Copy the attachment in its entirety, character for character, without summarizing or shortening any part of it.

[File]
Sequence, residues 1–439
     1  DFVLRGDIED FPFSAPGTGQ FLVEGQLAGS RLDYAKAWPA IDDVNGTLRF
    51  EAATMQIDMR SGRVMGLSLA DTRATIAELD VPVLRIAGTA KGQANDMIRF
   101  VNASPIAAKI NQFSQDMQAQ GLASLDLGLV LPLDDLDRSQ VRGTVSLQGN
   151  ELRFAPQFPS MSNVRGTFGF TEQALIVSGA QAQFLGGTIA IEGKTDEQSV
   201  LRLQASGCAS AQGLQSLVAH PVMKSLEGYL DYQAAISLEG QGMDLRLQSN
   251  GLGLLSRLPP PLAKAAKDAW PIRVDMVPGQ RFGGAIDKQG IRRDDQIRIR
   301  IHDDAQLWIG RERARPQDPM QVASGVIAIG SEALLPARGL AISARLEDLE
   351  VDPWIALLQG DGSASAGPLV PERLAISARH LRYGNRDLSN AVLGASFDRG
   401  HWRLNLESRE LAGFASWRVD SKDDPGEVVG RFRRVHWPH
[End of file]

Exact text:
Sequence, residues 1–439
     1  DFVLRGDIED FPFSAPGTGQ FLVEGQLAGS RLDYAKAWPA IDDVNGTLRF
    51  EAATMQIDMR SGRVMGLSLA DTRATIAELD VPVLRIAGTA KGQANDMIRF
   101  VNASPIAAKI NQFSQDMQAQ GLASLDLGLV LPLDDLDRSQ VRGTVSLQGN
   151  ELRFAPQFPS MSNVRGTFGF TEQALIVSGA QAQFLGGTIA IEGKTDEQSV
   201  LRLQASGCAS AQGLQSLVAH PVMKSLEGYL DYQAAISLEG QGMDLRLQSN
   251  GLGLLSRLPP PLAKAAKDAW PIRVDMVPGQ RFGGAIDKQG IRRDDQIRIR
   301  IHDDAQLWIG RERARPQDPM QVASGVIAIG SEALLPARGL AISARLEDLE
   351  VDPWIALLQG DGSASAGPLV PERLAISARH LRYGNRDLSN AVLGASFDRG
   401  HWRLNLESRE LAGFASWRVD SKDDPGEVVG RFRRVHWPH